When you import a 3D model into your project in the Unity Editor, Unity converts the 3D model into an internal mesh format that's optimized specifically for the Unity engine (and stores this somewhere in the
Library folder inside your project directory).
You noticed that if you download a file into the
Resources folder in the Editor while the game is playing, you can't immediately access it using
Resources.Load<>. That's because the Editor hasn't yet parsed the model file into a mesh. Calling
AssetDatabase.Refresh tells the Editor to look for new files in the Resources folder and convert them into a Unity-friendly format (which is then stored somewhere in the
When you call
Resources.Load<>, Unity is not reading the original OBJ file and converting it into a mesh; it is loading the previously converted mesh. When you make a build, Unity only includes the converted mesh, not the original OBJ file.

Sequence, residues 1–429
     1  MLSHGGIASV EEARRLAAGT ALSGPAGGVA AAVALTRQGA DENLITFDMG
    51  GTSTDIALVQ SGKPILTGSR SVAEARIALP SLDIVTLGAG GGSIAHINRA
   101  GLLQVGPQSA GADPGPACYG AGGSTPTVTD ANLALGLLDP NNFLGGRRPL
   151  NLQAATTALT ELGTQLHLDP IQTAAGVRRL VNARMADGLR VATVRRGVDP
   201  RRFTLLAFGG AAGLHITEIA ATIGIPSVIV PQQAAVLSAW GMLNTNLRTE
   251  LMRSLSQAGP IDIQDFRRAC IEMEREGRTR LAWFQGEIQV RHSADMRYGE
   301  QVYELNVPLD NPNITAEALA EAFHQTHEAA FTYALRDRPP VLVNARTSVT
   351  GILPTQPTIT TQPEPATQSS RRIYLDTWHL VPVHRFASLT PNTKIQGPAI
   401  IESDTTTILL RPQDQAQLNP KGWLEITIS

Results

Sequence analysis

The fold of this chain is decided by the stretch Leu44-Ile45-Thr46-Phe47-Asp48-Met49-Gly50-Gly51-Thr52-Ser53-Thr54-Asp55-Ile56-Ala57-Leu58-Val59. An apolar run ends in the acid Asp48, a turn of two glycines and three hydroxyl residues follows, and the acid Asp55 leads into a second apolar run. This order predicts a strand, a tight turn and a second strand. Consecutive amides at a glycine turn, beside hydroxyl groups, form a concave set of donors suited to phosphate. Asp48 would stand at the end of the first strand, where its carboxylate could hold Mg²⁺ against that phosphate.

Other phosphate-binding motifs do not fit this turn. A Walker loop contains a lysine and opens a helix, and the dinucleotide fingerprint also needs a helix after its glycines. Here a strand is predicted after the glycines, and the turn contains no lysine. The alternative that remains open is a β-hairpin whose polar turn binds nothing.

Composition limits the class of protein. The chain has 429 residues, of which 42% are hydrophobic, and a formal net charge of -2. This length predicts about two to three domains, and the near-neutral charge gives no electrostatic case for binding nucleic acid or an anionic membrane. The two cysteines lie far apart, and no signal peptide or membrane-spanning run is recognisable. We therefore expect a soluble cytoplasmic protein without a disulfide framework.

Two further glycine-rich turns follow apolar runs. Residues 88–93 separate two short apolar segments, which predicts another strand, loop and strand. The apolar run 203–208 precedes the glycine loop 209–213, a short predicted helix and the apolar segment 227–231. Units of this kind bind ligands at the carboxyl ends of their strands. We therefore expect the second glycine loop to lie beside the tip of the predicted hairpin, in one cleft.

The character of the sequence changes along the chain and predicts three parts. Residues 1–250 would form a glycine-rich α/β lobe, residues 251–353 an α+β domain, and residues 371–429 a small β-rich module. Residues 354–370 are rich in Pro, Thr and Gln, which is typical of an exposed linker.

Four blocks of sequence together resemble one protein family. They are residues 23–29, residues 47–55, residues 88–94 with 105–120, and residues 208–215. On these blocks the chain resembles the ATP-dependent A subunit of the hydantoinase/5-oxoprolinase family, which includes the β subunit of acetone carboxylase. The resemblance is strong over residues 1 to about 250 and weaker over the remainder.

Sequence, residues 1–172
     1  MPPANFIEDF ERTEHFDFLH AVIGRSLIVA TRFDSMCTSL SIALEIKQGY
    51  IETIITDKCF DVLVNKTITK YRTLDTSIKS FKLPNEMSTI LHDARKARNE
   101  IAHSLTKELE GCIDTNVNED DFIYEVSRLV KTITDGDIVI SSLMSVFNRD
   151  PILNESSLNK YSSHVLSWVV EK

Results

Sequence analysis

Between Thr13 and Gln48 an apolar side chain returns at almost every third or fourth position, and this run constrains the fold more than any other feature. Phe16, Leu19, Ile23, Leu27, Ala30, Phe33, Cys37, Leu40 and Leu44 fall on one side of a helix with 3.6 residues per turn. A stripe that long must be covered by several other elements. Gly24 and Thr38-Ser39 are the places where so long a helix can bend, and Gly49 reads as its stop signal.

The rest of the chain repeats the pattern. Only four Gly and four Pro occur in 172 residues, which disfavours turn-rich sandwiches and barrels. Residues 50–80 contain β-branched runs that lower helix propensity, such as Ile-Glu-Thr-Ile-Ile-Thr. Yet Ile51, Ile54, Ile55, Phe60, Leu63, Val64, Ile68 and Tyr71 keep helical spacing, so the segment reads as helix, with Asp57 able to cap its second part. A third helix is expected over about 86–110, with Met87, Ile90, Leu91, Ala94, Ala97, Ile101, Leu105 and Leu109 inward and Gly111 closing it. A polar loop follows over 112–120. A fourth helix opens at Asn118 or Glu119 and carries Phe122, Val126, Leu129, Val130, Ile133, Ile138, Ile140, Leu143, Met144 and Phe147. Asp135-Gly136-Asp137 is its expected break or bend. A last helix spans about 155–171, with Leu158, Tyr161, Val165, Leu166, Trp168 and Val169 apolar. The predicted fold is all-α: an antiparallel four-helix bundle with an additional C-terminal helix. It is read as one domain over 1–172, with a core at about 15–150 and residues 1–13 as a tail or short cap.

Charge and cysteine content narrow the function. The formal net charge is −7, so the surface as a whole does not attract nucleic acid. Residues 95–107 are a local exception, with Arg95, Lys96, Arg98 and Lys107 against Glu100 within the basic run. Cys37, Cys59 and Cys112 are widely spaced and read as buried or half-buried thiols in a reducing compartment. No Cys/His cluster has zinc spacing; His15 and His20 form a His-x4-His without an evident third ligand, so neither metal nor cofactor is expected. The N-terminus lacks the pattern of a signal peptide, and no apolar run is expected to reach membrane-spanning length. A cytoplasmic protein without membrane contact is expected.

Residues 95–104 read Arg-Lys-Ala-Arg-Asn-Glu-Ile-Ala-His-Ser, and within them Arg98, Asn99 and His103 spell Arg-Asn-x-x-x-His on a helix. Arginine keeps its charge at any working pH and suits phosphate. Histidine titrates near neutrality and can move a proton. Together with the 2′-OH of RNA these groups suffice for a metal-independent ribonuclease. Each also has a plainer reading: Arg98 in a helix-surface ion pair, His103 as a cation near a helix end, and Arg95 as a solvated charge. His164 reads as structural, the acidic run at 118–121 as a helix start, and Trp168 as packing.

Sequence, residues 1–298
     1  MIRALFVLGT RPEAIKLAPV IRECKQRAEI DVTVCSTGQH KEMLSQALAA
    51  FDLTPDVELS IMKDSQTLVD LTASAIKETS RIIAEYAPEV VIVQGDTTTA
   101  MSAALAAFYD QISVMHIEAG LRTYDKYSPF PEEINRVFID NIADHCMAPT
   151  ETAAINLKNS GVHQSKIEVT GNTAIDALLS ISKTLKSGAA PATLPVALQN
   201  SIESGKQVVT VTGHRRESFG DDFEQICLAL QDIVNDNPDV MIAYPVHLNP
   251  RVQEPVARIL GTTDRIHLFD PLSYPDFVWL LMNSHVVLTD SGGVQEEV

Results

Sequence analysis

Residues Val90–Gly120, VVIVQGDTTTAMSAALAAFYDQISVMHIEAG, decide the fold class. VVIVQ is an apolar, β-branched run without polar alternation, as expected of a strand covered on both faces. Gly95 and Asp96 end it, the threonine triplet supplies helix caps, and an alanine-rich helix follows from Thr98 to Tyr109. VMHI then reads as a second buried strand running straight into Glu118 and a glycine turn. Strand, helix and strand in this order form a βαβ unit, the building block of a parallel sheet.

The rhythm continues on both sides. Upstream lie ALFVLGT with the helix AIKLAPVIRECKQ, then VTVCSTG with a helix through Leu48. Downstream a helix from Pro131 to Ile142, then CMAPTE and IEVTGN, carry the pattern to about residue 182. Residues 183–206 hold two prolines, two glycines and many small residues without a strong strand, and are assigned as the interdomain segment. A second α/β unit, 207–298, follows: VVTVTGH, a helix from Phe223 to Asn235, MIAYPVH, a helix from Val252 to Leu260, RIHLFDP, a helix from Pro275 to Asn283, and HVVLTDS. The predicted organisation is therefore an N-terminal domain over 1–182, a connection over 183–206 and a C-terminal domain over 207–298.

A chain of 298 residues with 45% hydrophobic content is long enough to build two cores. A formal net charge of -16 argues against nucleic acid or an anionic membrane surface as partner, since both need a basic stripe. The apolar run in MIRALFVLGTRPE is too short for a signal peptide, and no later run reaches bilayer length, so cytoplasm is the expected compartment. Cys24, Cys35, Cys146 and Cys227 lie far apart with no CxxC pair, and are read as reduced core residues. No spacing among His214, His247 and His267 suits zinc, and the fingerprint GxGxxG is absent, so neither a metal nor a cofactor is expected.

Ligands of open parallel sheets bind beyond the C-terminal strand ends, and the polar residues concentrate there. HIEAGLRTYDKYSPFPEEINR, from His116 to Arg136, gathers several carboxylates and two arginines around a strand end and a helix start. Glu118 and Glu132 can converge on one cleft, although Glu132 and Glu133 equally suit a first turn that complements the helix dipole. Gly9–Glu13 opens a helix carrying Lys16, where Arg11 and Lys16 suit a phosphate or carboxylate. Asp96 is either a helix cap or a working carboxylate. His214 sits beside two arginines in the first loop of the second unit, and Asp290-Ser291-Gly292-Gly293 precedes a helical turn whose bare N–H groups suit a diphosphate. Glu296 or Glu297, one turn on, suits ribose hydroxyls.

All of the assets in the
Resources folder are packaged into a single Resources file when you make a build. In a build, the
Resources folder no longer exists - there is only the Resources file that contains the assets that were already converted into Unity-friendly formats by the Editor. There's no way to add new files to the
Resources folder in a build because it doesn't even exist in the build.
Resources.Load<> is not particularly fast - in fact, it's a messy and inefficient way of loading files at runtime. It just seems fast compared to a runtime file importer because it doesn't have to import or parse anything. If you're trying to benchmark it against a runtime model loader, you need to also include the amount of time that
AssetDatabase.Refresh() takes, because that is what actually parses and converts the mesh data from the OBJ file.
If "Runtime Obj Importer" is not fast enough, you'll either need to modify it yourself, or find a different library that can import OBJ files at runtime.